What’s really struck me in all this furor over nakey pics of Prince Harry isn’t the fact he’s naked, or caught on camera while being so – it’s that he clearly lost at the game of strip-pool and lost badly. (he’s not even got any socks left!)
As a Mother – it behooves us to prepare our children for life. Whether it’s providing a good education so they can get good jobs and support themselves, or even swim lessons so the know how not to drown. Sports and games lessons and clubs prepare children for competition and teamwork in adulthood and develop coordination and dexterity.
It’s not like he’s not coordinated and sporty – he’s well known for his polo playing. So how did this gap in his education come about?
I did a little research and it turns out Pool or Billiards has a noble heritage.
The game has been played by kings and commoners, presidents, mental patients, ladies, gentlemen, and hustlers alike. It evolved from a lawn game similar to the croquet played some-time during the 15th century in Northern Europe and probably in France. Play moved indoors to a wooden table with green cloth to simulate grass, and a simple border was placed around the edges. The balls were shoved, rather than struck, with wooden sticks called “maces.” The term “billiard” is derived from French, either from the word “billart”, one of the wooden sticks, or “bille”, a ball.
Most of our information about early billiards comes from accounts of playing by royalty and other nobles. It has been know as the “Noble Game of Billiards” since the early 1800’s but there is evidence that people from all walks of life played the game since its inception.
So, you’d think being a royal and all Harry’d have a leg up on the competition, right? But if the photos are anything to go by, he was equally poor at the sport as his companion.
Mums – as part of preparing your child for life out in the world, I think it’s up to you to ensure your child learns valuable life lessons like, how to balance a checkbook, how to do the laundry, how to cook a few meals, how to play well with others – and as importantly pointed out by Prince Harry, how to play pool.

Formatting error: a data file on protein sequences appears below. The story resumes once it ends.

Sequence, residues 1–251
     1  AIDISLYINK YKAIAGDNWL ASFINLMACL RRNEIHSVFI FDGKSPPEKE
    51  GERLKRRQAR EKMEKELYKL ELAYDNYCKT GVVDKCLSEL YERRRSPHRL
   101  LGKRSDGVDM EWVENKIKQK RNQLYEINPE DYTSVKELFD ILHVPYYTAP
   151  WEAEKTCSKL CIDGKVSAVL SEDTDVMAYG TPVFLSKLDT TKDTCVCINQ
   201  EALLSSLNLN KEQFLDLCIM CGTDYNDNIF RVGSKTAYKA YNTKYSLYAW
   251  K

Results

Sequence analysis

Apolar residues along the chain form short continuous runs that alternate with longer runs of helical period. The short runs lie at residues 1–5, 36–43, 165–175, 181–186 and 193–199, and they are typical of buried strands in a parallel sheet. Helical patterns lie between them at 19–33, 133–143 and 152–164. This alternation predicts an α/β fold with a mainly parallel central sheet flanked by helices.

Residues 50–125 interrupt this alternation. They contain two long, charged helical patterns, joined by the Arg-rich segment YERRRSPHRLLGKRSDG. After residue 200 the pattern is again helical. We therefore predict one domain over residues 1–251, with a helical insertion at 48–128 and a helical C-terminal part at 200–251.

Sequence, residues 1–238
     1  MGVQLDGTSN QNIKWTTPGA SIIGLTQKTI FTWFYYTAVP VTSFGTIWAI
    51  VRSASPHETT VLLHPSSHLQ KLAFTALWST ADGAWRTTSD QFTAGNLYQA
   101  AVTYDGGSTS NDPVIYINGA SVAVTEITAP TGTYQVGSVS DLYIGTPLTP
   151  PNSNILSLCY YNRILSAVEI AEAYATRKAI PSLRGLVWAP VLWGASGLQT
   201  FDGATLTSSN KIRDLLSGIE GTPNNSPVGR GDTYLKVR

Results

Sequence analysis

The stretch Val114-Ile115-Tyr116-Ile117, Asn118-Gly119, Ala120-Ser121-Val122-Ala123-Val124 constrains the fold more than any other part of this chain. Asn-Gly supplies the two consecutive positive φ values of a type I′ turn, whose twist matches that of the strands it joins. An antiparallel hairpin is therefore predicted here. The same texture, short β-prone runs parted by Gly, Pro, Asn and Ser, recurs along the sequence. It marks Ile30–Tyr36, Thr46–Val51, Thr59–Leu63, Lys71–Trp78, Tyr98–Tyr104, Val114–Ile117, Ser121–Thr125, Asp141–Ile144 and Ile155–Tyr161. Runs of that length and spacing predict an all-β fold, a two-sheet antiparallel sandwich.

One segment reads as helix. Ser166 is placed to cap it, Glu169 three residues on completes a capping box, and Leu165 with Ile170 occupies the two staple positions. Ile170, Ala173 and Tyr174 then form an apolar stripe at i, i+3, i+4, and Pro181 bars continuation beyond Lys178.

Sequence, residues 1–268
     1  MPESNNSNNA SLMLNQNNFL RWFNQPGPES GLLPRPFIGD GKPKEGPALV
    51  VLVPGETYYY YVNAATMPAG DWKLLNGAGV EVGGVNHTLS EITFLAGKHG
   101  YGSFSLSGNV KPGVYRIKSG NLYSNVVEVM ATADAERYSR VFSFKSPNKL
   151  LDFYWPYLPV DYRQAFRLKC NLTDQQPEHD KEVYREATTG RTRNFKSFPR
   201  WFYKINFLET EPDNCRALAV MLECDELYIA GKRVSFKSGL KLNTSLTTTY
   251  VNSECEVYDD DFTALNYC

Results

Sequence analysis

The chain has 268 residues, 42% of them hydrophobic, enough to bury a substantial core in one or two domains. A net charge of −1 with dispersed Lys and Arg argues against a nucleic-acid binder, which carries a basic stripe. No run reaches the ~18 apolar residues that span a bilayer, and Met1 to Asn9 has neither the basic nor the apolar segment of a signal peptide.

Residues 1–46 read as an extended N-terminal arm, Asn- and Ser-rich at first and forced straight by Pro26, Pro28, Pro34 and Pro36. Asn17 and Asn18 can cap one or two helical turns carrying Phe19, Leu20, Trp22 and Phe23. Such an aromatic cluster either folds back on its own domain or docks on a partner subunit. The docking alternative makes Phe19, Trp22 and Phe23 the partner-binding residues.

Without further ado, here are several sources you may find useful
Yesterday I spent the day with my son in hospital while he had surgery. While everything turned out ok – the experience itself was not one I’d like to repeat. Sitting there waiting for the surgery, then waiting for my son to be returned to me safe and sound and then sitting through the hours of recovery time I had plenty of time to reflect and count our blessings.
As a parent I think there isn’t anything harder than watching your child suffer. Since he was a few months old, our eldest DS (age 6) has had chronic ear infections. Many times our first awareness would be as we’d hold him as he’d scream all night (and not just as a baby). Or having already given him pain meds, holding him as his ear drums threatened to burst and soothing him as they actually did, relieving his pain in one super painful burst. Antibiotics never seemed to help, (and research has shown they only cure ear infections one day faster on average than no antibiotics) and we’ve always tried to treat the pain as best we could. We tried alternative treatments and had him allergy tested to see if that was a contributing factor.